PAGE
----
Concern mounted in Greece on Thursday over the failing health of a prominent far-left hitman, whose life is in danger after a long hunger strike in prison.
Dimitris Koufodinas, formerly the top assassin for the defunct November 17 extremist group, was admitted to a hospital in Lamia, central Greece, on Monday in serious condition after refusing food for 48 days.
His wife Angeliki Sotiropoulou told AFP on Thursday that the 63-year-old is currently in "critical condition" and "borderline comatose" after refusing force-feeding.
Koufodinas is seeking a transfer from a high-security prison in Domokos, central Greece, to Korydallos prisin in Athens to be near his family.
Amnesty International's Greek branch also recently noted that Domokos is badly overpopulated.
"In today's Europe, it's unheard of to have a prisoner led to death or irreparable harm for asking to be transferred to another prison," his lawyer Ioanna Kourtovik told AFP.
The authorities' refusal to satisfy his demand is "arbitrary and punitive", she said.
Hundreds of lawyers and intellectuals have signed petitions calling on judicial authorities to respect Koufodinas' rights.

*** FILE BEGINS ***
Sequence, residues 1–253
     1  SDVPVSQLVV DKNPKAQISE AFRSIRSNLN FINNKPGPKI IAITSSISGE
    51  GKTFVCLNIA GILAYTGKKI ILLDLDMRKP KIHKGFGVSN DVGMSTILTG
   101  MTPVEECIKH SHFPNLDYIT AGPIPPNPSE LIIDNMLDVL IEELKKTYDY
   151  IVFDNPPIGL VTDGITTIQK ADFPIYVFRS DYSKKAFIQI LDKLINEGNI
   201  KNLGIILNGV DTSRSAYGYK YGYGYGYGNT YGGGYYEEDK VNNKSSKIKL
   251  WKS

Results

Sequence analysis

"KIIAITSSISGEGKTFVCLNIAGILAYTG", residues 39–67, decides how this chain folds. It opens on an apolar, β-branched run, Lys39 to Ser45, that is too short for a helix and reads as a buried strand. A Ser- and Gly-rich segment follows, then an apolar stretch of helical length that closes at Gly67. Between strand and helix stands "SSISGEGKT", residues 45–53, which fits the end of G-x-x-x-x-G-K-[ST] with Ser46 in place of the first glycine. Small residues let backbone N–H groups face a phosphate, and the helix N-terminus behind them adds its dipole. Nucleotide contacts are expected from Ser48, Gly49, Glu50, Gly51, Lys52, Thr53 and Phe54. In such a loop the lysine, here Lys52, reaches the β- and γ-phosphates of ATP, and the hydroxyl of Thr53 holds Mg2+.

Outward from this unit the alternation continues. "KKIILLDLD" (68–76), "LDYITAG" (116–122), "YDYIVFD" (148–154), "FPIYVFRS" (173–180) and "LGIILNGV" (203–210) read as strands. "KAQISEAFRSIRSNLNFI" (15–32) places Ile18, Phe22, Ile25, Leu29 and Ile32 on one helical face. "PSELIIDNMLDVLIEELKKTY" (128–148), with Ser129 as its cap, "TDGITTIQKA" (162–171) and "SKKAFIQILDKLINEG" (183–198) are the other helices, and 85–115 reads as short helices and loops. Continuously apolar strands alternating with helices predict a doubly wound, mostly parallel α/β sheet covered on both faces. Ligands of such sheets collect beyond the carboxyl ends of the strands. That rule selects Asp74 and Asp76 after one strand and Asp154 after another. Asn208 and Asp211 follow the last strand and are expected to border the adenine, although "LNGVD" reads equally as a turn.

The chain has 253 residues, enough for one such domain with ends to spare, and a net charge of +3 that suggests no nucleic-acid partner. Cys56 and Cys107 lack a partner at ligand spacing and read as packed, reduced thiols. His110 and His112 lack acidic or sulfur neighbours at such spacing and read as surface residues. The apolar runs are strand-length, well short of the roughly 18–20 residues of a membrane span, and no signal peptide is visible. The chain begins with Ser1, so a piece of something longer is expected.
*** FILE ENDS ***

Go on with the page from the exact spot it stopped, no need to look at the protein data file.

The union of Greek judges and magistrates joined the call on Wednesday, urging the authorities to "reconsider" their stance and take "all legal measures to protect his life and health."
Dubbed 'Poison Hand' by Greek media, Koufodinas was the main hitman of the far-left Greek extremist organisation November 17 that was dismantled in 2002.
He is serving multiple life sentences, having been convicted of 11 killings.
November 17 launched dozens of attacks between 1975 and 2000 that killed 23 people.
They included the CIA station chief in Athens, several prominent Greek businessmen, Turkish diplomats and a British military attache.
One of Koufodinas' victims was Pavlos Bakoyannis, a lawmaker who was the father of Athens Mayor Costas Bakoyannis and brother-in-law to Prime Minister Kyriakos Mitsotakis.
On Tuesday, supporters of Koufodinas demonstrated outside the official residence of Greek President Katerina Sakellaropoulou, calling on her to intervene.
On Thursday, deputy environment minister Giorgos Amyras said unknown assailants had vandalised his office, daubing a message of support to Koufodinas on a wall.
An anarchist icon, Koufodinas in 2014 published an autobiography that sold thousands of copies, to the outrage of his victims' families.